As a guide, though, Flory followed information found at, where recipes are found and information on when and how to introduce certain foods into a baby's diet are included.  

Flory said she used a food mill to start making purees for Ben, and then graduated to using a small chopper for preparing baby food. She liked using these apparatuses because "you could control the texture. Sometimes jarred baby food is too smooth." Babies should be exposed to foods with different textures as they develop their palates, she explained.

Flory said Ben ate healthfully and heartily while his mother made his food. He enjoyed foods such as avocado, a particular favorite, mango, and pluot, a hybrid of plums and apricots. She says that to her, making her own baby food was the right decision. Like Anna Katherine, Ben eats many of the same healthful foods, including cantaloupe.

Flory said that when the time comes, she plans to make food for her daughter, Kaya, born just seven weeks ago.

Safety first

Here are some guidelines for preparing homemade baby food.

 Harmful bacteria can grow rapidly if foods aren't properly cooled. Refrigerate or freeze perishable foods within 2 hours of purchasing or preparing them.

 Freeze ground meat, poultry, fish and shellfish if you don't expect to eat it within two days, and freeze other beef, veal, lamb or pork within 2 to 5 days.

 Some experts say immediately transferring hot foods to the freezer is not good because the hot food will affect the temperature of the foods around them and possibly the temperature of the whole freezer. Cooked food is recommended to be transferred to the refrigerator and then to package for freezer storage within 2 to 3 hours. Prepared foods may be stored safely in the refrigerator for a maximum of 72 hours.

 Salt and sugar are never needed when making baby food. Other spices such as cinnamon, garlic powder, pepper etc. may be introduced as early as 7 months with your pediatricians consent.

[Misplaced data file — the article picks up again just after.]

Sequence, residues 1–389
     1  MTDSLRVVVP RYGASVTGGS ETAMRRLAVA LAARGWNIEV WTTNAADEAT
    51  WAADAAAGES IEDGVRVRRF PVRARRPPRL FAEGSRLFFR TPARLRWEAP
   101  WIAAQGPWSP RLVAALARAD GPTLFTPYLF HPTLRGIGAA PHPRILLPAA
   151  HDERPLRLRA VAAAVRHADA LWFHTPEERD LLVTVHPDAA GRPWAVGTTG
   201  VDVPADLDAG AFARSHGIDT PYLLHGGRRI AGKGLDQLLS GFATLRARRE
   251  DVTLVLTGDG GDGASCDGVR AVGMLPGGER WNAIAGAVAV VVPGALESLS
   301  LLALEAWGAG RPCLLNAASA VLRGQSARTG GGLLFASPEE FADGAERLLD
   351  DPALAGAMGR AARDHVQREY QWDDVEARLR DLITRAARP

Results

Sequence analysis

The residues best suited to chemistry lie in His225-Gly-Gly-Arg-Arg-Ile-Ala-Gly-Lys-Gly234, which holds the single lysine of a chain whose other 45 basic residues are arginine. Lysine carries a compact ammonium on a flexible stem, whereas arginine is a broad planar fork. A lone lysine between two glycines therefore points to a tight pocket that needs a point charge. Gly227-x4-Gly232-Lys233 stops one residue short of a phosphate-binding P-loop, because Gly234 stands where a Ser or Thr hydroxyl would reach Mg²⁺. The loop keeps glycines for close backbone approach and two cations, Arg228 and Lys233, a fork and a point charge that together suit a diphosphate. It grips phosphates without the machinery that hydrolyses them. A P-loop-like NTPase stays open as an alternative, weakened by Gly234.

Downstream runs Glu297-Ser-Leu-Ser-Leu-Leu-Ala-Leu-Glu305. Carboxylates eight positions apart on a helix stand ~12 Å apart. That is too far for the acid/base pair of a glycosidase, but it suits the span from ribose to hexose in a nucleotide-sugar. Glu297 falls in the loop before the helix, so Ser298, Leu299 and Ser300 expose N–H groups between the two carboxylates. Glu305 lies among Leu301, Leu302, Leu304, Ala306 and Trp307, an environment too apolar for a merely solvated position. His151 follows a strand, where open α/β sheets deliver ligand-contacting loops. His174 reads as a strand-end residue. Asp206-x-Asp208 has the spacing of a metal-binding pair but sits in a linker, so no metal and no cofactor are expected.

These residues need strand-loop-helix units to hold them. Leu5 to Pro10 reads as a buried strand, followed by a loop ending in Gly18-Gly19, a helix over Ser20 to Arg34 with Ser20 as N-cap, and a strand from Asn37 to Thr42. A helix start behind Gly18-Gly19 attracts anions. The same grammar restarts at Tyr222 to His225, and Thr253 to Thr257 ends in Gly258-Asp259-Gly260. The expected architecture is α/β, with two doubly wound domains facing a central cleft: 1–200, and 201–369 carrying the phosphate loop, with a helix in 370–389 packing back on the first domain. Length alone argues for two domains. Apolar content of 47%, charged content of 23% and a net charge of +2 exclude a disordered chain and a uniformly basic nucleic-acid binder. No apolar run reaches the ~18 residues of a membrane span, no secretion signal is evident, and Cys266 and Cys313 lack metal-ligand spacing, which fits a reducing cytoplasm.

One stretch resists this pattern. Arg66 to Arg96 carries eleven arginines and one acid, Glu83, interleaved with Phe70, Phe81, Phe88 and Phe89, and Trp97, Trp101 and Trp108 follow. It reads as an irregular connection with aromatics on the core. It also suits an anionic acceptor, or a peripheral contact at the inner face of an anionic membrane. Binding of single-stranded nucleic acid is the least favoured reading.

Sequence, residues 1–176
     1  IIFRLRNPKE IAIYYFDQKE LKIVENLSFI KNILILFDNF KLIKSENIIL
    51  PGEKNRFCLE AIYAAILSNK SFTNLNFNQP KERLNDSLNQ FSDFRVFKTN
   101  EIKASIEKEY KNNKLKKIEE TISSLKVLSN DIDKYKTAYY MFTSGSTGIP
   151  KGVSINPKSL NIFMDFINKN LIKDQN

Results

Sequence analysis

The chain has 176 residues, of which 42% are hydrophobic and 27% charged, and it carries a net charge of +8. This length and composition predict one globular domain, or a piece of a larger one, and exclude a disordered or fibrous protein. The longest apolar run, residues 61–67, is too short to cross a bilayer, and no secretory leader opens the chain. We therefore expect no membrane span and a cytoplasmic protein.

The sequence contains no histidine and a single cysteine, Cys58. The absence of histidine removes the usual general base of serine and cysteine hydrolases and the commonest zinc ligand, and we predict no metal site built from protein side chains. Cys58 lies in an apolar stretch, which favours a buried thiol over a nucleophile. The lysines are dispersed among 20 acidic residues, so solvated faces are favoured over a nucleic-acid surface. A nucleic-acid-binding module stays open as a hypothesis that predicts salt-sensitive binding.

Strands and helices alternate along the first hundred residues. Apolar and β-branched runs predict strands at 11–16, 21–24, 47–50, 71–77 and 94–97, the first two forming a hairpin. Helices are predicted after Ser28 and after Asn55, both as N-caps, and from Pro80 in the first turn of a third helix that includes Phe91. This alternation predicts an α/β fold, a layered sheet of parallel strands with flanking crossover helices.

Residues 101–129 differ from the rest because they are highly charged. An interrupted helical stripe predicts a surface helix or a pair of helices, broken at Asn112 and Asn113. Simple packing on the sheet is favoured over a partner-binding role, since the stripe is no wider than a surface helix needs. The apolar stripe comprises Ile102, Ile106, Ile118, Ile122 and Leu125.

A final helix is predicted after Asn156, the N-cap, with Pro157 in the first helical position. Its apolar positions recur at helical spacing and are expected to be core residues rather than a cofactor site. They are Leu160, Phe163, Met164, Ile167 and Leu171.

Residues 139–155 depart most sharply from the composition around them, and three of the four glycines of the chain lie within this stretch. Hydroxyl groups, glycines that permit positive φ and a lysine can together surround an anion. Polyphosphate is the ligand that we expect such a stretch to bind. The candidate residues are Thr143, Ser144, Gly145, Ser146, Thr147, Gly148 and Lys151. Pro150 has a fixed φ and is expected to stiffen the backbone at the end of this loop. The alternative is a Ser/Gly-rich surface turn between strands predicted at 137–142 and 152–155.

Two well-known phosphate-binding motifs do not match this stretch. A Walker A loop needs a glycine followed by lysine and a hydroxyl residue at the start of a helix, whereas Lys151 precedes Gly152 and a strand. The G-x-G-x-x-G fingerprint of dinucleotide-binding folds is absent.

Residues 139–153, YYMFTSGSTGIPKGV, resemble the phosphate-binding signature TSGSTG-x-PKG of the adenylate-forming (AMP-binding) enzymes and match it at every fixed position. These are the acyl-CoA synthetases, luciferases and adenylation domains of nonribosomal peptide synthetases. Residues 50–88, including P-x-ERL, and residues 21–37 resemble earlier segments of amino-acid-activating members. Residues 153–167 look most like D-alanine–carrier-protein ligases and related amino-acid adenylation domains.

Remember, always consult with your pediatrician regarding introducing solid foods to your baby and specifically discuss any foods that may pose allergy risks for your baby.

Mango, apple and carrot puree

1/2 cup baby carrots, chopped

1 cup mango, chopped

1 cup apple, peeled and chopped

Put carrots in a steamer pot over boiling water for 3 minutes. Add mango and apple and cook for 2 additional minutes or until everything is fork tender. Put in a food processor until smooth.

Cool and serve, or place in ice-cube trays and freeze. To serve, let ice cubes thaw.

 Makes 10 baby servings.

— Recipes courtesy of Catherine McCord at

Broccoli, potato and cheese puree

1 large potato, peeled and cubed

1 cup broccoli, chopped

2 tablespoons cheddar cheese (see cook's note)

Place the potato cubes in a steamer pot over boiling water and cook for 6 minutes. Add the broccoli and steam for an additional 4 minutes or until vegetables are fork tender. Place all the ingredients in a food processor, puree and serve.

Makes 6 baby servings.

Cook's note: Catherine McCord uses white cheddar cheese.

Mango banana puree

1 mango, cut in chunks

1 banana

Place the mango and banana chunks in a food processor, blend until smooth, and serve.

Or place in ice cube trays and freeze. To serve, thaw ice cubes.

Makes 8 baby servings.

The Herald-Mail Articles